Woolfenden claims to have a bottom drawer containing most of those 150 scores he has written, an impressive total. "That has been source material for a huge number of my works. The first wind band work I wrote was called Gallimaufry, which was based on the music I wrote for the opening of the Barbican Theatre in 1982. I had already written the music for RSC productions of Henry IV parts I and II several times before. When Trevor Nunn originally asked me if I would mind if, on this occasion, he asked Andrew Lloyd Webber - for whom he'd directed Cats and Starlight Express, to compose these scores, I was quite relaxed. But, in the end, Andrew had to hit another deadline. He dropped out. I was left writing 104 music cues in a short time. But, as always, Trevor described precisely exactly what he wanted to achieve with the music. I worked it all out thematically, rather in the style of the leitmotif in a Wagner opera.

"The plays were an enormous success. I remember bumping into Trevor as he went around the dressing rooms after the performance. He suggested that I took some time off to mould the music into a suite. I thought this was unlikely, that after the production was over the music would go into a drawer, never to be heard again."  A few days later Tim Reynish asked Woolfenden if he would like to write a piece for wind band. The piece is called Gallimaufry, the first commission for BASBWE.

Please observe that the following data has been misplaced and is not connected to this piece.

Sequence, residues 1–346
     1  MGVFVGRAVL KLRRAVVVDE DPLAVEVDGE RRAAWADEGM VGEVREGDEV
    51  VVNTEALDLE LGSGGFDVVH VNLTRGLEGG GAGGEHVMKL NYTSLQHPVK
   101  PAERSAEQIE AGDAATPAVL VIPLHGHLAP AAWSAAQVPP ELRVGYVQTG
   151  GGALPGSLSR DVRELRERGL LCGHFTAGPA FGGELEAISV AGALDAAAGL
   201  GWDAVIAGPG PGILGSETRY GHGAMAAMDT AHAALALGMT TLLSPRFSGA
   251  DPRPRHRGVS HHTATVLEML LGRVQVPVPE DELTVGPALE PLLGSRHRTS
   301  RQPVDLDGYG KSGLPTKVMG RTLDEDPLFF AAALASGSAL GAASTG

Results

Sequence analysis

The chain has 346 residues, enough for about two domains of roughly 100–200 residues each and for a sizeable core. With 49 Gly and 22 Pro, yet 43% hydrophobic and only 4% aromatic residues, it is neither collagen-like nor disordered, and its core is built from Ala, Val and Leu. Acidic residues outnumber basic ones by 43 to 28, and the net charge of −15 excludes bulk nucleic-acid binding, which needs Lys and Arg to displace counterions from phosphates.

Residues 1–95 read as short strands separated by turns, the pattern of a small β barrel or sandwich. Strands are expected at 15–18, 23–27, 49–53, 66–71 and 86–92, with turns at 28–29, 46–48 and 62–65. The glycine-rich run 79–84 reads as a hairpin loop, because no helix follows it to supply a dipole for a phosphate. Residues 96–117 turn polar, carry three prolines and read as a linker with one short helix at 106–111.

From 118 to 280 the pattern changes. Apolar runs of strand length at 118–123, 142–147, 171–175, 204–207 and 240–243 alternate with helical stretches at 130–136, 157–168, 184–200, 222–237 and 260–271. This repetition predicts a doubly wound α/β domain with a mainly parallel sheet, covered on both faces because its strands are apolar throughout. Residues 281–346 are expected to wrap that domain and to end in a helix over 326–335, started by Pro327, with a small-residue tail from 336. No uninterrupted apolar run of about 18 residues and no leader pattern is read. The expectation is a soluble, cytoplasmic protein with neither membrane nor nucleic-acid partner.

"I first met Tim Reynish in the horn section of the National Youth Orchestra," says Woolfenden. "For three or four years we played together on every course. Ruth Railton felt that I needed a different teacher. She suggested I went to Aubrey Brain, father of Dennis, which was a wonderful idea. Tim and I then found that we'd got scholarships to Cambridge University. We went up there on the same day. We spent the next three years playing in every orchestra, pinching all the best horn parts. I also started conducting, which Tim resisted until later. One of our tutors, Raymond Leppard, was the Music Adviser to the RSC, which needed a Deputy Music Director. He thought I would fit the bill. Initially I turned the job down as I was expecting to be called up to do my National Service as soon as I finished my degree. Tim meanwhile continued his professional horn playing career. He moved to London, where he was principal horn in Sadler's Wells Opera Company (now English National Opera). When they needed a fourth horn doubling second, he suggested me. I was auditioned by Colin Davis, and got the job. Thanks to Tim I had a wonderful year playing under many fine conductors, including Charles Mackerras and Reginald Goodall.

"Then our ways parted. I went to Stratford-upon-Avon, where I was deputy Music Director, then Music Director, then Head of Music. Tim started conducting, and founded BASBWE. Later on I was Chairman for a while. What he's done for wind music in this country will never be forgotten. I take my hat off to him.